The first group of Amish immigrants (first written about in Anna’s Crossing and followed up in The Newcomer) settled northwest of Philadelphia, then a vast wilderness, and relied on each other for safety, security, building projects, and church. In nearby Germantown, settlers were tradesmen, so they clustered houses together in small knots. The Amish farmers took out land warrants for sizeable properties and lived considerable distances from each other.
In The Newcomer, Anna cooked food in a cauldron over a large hearth. One-pot meals can trace their beginnings to open-hearth cooking when ingredients for a meal went into a large kettle suspended over the fire. Traditional dishes—ham and beans, pork and sauerkraut—used sturdy, available, and simple ingredients that improved with long, slow cooking. The dishes could be easily expanded when the need arose to set a few more places at the table. And it did, often. Large families and unannounced company inspired Amish cooks to find ways to “stretch the stew.”
Noodles (including dumplings and rivvels) could be tossed into a simmering broth to make a meal stretch. Most farms had a flock of chickens, so eggs were easily at hand. Today, homemade noodles are still a favorite dish.
Another “stew stretcher” was cornmeal mush, originally eaten as a bread substitute. Early German settlers who made their home in eastern Pennsylvania roasted the yellow field corn in a bake oven before it was shelled and ground at the mill. The roasting process gave a nutty rich flavor to the cornmeal. Mush is still part of the diet the Old Order Amish—cooked and fried, baked, added into scrapple, smothered in ketchup. Dress it up and you’ve got polenta.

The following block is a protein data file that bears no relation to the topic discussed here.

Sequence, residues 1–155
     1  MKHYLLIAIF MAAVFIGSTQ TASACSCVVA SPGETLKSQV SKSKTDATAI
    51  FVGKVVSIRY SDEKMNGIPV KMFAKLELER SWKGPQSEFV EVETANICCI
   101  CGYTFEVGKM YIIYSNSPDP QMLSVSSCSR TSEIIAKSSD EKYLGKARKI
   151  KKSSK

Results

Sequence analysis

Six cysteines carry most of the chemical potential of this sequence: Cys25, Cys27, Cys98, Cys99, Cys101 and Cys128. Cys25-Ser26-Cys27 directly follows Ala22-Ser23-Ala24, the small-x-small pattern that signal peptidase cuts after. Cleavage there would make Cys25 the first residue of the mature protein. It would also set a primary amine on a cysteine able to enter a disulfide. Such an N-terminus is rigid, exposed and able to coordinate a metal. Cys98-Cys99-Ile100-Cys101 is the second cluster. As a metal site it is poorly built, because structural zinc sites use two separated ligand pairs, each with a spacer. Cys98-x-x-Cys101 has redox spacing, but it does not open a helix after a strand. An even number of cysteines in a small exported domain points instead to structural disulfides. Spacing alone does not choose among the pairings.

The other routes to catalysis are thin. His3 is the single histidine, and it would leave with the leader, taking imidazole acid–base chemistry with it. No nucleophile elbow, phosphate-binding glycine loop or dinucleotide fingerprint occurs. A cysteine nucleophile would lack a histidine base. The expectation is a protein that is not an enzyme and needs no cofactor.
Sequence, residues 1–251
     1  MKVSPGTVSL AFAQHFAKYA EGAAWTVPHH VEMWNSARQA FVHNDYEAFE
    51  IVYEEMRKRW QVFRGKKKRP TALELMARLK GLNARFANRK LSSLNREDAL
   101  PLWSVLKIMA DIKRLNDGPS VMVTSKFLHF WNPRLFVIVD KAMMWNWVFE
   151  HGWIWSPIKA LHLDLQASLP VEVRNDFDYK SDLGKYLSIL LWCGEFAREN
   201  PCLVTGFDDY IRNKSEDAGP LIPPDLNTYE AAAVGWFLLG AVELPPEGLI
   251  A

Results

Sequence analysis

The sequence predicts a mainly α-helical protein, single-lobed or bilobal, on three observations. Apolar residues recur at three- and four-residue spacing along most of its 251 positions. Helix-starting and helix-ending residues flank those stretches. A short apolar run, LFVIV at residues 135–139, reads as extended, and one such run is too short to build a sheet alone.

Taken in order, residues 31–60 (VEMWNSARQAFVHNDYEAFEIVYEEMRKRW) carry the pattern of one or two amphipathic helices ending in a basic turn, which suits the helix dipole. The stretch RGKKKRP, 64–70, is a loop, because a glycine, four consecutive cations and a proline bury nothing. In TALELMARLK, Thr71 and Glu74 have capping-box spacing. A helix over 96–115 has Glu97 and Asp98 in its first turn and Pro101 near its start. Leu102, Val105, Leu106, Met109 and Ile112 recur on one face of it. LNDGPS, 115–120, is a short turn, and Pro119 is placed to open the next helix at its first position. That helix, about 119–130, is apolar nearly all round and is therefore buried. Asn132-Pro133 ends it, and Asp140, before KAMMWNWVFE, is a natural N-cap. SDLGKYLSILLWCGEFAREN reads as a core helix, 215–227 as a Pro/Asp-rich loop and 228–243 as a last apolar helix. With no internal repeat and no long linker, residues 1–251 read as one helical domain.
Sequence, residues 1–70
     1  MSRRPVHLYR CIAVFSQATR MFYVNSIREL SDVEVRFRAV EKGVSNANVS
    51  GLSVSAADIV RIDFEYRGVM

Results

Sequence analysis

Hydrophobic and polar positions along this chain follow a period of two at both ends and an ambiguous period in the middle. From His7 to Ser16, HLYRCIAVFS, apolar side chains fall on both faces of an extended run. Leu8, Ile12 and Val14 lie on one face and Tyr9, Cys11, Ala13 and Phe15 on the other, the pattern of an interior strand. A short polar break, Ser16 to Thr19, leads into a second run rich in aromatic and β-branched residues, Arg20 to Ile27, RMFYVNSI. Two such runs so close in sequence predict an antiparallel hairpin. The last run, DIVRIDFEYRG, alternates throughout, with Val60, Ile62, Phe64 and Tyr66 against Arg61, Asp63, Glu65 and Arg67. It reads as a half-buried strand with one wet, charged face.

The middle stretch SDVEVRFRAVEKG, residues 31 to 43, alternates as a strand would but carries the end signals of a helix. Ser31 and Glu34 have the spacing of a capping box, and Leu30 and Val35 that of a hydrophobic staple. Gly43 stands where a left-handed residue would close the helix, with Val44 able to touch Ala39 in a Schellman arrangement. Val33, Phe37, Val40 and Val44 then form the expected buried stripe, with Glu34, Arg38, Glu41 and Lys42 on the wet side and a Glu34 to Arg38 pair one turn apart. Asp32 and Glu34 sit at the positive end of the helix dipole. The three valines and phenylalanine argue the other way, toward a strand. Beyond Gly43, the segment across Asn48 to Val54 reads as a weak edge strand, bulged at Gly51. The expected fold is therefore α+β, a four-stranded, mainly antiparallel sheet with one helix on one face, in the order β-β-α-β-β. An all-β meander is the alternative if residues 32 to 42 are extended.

Now here’s one thing we do have in common with 1737 Pennsylvania immigrants…a love of good food and a shortage of time! Here’s one of my favorite one-pot recipes—probably not the kind of stew Anna might have made for ship carpenter Bairn or the mysterious Newcomer (ah, which man stole her heart?)…but definitely delicious. Enjoy!
Lentil Chili
Here’s one of my favorite “stew stretchers.” You can expand it even more by serving over rice.
1 onion, diced
1 clove garlic, minced
10 c. water
1 lb. dry lentils
1 tsp. cumin
1 tsp. chili powder
1 tsp. salt (season to your taste)
½ tsp. pepper
2 c. salsa (your favorite variety)
29 oz. canned tomatoes, crushed

Blog Stops

February 7: cherylbbookblog
February 7: Moments Dipped in Ink
February 7: inklings and notions
February 8: Just Commonly
February 8: D’S QUILTS & BOOKS
February 8: Ashley’s Bookshelf
February 9: A Reader’s Brain
February 9: Genesis 5020
February 10: Lane Hill House
February 10: Blogging With Carol
February 10: Eat, Read, Teach, Blog
February 11: Quiet Quilter
February 11: Daysong Reflections
February 12: Christian Bookaholic
February 12: Jeanette’s Thoughts
February 13: Karen Sue Hadley
February 13: Just the Write Escape
February 14: Rhonda’s Doings
February 14: Bigreadersite
February 15: Blossoms and Blessings
February 16: Bibliophile Reviews
February 16: Book by Book
February 17: Pause for Tales
February 17: A Holland Reads
February 18: A Greater Yes
February 18: The Power of Words
February 19: Lighthouse Academy
February 20: By The Book
February 20: Giveaway Lady


To celebrate her tour, Suzanne is giving away a Kindle! Click below to enter. Be sure to comment on this post before you enter to claim 9 extra entries!
"The Newcomer" is available in paperback:
  • Series: Amish Beginnings (Book 2)
  • Paperback: 336 pages
  • Publisher: Revell (January 31, 2017)
  • Language: English
  • ISBN-10: 0800727495
  • ISBN-13: 978-0800727499
  • Product Dimensions: 5.4 x 0.8 x 8.4 inches

and in Kindle edition:
  • File Size: 5591 KB
  • Print Length: 336 pages
  • Publisher: Revell (January 31, 2017)
  • Publication Date: January 31, 2017
  • Sold by: Amazon Digital Services LLC
  • Language: English

I got a free copy of this book. All thoughts and opinions are my own and given voluntarily. No compensation was received.